Cost Of Early Ocean Liner Travel
Read about cost of early Ocean Liner Travel in the 1920’s, their operating costs and see the prices that passengers paid for regular and first class passage. Back then, first class travel on a ocean liner could be had for 14 – 38 dollars, depending on amenities. The following article was printed in the New York Tribune discussing the high cost of ocean travel in 1921.
Play a period tune below – Sophie Tucker – Reuben Rag
Large Ocean Liners Fail to Meet Expenses – Two factors mark ocean passenger travel at the present time – the increase in rates, which has almost doubled the expense of travel, and the passing of the large passenger liner, the crack four-stacker of pre-war days. Both are phases of the critical situation in which the shipping world is placed to-day. Both are results of the post-war condition of high wages, high operating costs and resultant lowered profits. Even with passenger rates that are almost prohibitive to the average man, the big ship cannot be made to pay.
“There never was much money in big ships; there is none at all now,” said an official of one of the biggest lines here today. “Do you know that the money paid by the passenger for his ticket represents only from half to two thirds the actual money cost to the steamship company of getting the passenger across the ocean? This is particularly true of the present winter season, when travel is low. If the big ship carries her full capacity she can make money, but this rarely happens except in the height of the summer rush. A cargo liner arrived in England recently with 600 passengers. She carried a crew of 1,100 officers and men to care for the 600. It is a losing game. Under present conditions no more large ships will be built.”
Building Smaller Ships – This is undoubtedly the attitude of all the big shipping interests. The Cunard Steamship Company, which is now floating an issue of £4,000,000 7 per cent mortgage debenture stock, is carrying out a program of 18,000-ton to 20,000-ton vessels. Three ships of this class have been launched and nine more on the ways. But no big ships are contemplated. In the first place, the building costs are at present prohibitive. It is estimated that it would cost at least £3,000,000 to build a 40,000-ton vessel. Operating costs have also increased. Wages on deck and in the engineer division have gone up 300 and 400 per cent. The 200 per cent jump in rates does not meet the new cost of ship handling.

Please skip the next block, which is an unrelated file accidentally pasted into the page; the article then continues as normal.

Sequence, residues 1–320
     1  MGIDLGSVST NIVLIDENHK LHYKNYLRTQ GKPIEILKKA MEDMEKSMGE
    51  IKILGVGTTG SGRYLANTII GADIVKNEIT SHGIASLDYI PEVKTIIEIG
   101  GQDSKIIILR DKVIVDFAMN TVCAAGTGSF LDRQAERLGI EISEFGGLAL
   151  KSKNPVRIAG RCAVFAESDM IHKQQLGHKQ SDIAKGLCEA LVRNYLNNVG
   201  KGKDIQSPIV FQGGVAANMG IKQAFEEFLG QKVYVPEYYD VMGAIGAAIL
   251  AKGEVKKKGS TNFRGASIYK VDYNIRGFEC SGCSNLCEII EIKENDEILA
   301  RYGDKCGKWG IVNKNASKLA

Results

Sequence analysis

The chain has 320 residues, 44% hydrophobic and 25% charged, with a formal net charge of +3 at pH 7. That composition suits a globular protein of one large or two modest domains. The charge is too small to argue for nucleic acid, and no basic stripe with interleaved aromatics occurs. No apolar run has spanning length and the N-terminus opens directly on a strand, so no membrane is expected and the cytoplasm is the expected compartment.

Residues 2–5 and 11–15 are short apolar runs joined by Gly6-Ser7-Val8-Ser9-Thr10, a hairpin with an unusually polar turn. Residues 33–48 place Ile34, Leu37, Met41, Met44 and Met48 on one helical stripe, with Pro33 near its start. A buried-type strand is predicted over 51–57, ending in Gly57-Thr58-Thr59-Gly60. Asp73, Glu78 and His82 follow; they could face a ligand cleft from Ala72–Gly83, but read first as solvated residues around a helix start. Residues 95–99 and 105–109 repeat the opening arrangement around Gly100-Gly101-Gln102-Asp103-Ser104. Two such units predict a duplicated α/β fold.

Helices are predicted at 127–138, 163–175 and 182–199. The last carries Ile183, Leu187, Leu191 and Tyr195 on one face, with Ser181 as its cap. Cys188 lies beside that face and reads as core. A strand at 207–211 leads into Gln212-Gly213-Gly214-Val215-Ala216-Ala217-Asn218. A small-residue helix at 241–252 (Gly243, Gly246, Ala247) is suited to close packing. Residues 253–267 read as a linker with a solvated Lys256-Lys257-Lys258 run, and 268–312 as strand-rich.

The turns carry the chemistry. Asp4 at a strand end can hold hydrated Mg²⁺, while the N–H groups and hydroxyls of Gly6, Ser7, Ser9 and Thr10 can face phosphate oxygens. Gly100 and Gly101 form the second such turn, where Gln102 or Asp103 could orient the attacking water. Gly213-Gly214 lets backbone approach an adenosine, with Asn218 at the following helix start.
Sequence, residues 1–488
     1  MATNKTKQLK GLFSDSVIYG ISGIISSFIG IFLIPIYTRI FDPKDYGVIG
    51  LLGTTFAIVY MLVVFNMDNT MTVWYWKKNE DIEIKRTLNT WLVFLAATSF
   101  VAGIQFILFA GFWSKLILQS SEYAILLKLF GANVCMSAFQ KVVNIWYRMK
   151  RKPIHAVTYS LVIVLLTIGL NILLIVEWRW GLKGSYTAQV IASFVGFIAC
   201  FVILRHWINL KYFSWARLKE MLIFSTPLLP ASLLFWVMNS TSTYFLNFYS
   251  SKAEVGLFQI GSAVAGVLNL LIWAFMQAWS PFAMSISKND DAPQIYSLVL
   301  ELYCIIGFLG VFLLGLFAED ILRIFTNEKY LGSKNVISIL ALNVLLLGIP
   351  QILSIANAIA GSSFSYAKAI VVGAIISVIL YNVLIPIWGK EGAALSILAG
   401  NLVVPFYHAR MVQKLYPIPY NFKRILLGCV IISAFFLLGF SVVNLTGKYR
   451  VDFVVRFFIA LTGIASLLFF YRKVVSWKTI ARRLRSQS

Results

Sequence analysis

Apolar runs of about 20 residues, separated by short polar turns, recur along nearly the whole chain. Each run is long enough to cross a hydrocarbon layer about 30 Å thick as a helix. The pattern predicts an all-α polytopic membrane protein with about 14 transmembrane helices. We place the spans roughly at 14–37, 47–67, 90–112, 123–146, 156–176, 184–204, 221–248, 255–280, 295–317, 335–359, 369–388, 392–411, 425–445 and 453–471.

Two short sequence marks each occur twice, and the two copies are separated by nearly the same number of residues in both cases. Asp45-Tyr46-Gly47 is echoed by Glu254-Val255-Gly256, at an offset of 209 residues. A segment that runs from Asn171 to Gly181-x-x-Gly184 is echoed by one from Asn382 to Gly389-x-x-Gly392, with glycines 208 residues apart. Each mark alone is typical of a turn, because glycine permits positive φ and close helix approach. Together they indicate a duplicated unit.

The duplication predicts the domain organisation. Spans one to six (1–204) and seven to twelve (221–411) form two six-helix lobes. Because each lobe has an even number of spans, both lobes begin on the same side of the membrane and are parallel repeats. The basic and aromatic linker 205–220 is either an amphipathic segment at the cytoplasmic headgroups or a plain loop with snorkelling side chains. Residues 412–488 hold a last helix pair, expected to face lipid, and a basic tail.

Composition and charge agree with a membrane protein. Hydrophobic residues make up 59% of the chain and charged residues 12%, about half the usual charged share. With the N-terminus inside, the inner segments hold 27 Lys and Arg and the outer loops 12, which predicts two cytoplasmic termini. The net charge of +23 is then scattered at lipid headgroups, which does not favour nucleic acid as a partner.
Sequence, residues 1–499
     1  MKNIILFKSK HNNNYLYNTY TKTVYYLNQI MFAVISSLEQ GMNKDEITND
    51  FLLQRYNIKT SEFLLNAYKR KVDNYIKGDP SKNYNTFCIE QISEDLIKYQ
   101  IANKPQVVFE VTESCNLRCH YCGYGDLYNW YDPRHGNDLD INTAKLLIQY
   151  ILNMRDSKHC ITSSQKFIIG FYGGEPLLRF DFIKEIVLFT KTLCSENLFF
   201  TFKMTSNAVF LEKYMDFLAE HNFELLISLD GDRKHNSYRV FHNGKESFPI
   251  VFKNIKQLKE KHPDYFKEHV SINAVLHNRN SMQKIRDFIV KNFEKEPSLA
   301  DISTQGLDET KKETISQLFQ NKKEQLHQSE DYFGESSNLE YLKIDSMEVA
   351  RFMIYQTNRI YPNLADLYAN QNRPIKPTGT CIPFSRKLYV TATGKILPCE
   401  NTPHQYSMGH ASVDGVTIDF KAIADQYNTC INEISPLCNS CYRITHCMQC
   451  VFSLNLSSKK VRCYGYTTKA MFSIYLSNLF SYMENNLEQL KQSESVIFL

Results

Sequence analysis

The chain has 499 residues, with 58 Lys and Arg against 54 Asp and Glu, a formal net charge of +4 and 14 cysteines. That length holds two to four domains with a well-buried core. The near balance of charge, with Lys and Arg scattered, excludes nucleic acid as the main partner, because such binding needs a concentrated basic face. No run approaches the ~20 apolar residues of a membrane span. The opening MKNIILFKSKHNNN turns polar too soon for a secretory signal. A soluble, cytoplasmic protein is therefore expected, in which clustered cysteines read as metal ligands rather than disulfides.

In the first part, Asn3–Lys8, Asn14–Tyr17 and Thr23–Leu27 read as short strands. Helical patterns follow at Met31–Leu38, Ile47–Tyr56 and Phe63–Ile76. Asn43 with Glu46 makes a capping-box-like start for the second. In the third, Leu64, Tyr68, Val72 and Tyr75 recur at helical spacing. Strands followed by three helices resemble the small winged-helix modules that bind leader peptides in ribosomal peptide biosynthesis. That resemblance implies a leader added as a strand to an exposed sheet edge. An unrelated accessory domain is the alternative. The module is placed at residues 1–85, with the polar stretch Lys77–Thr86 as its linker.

The Albania, the latest Cunarder, which enters into the London-Canada-New York service this month, is the type of vessel which is now being favored. She is a 12,000-ton oil burner, 540 feet long and carries 450 passengers. She will be a one class ship. The old first, second and third class system is gradually being abandoned as part of the program of reducing costs, and shipping men say that the future plan will doubtless be to use the older vessels for the second and third class travel.
In the meantime the now existing big ships remain a problem. There is a certain class of traveler that wants the big ship. They are wealthy people, and want the swimming baths, gymnasiums, tea gardens and lounges, irrespective of cost. They form the big ship clientele, yet they alone are not numerous enough to pay for running the vessels. But although the big ships are not at present making their expenses, it is not entirely advisable to lay them up. The Leviathan, moored alongside a Hoboken pier, is gradually and inevitably deteriorating. Vessels of the big ship type are worth from $10,000,000 to $15,000, 000, and when idle are heavy financial liabilities. Now, in addition to the large vessels already afloat two new big liners are being built in Germany and will be turned over to the British government under the reparation claims. They are the Bismarck, 50,000 tons, and the Columbus, a somewhat smaller vessel. If they are placed in service they will further glut the big ship market.
High Fares Charged – The costs of running any passenger vessel are reflected in the high fares now being charged. The following schedule of rates of travel from Lon? don to various points, given both for 1914 and the present time, shows this increase:
These high fares will have the ultimate effect of restricting travel. The wealthy classes will always travel, irrespective of cost, but there will be less tourist travel on the part of the man of moderate means. Realizing this, steamship companies are making every effort to reduce operating costs and bring about a time of lower travel rates. Present indications, however, are that that time is still far distant.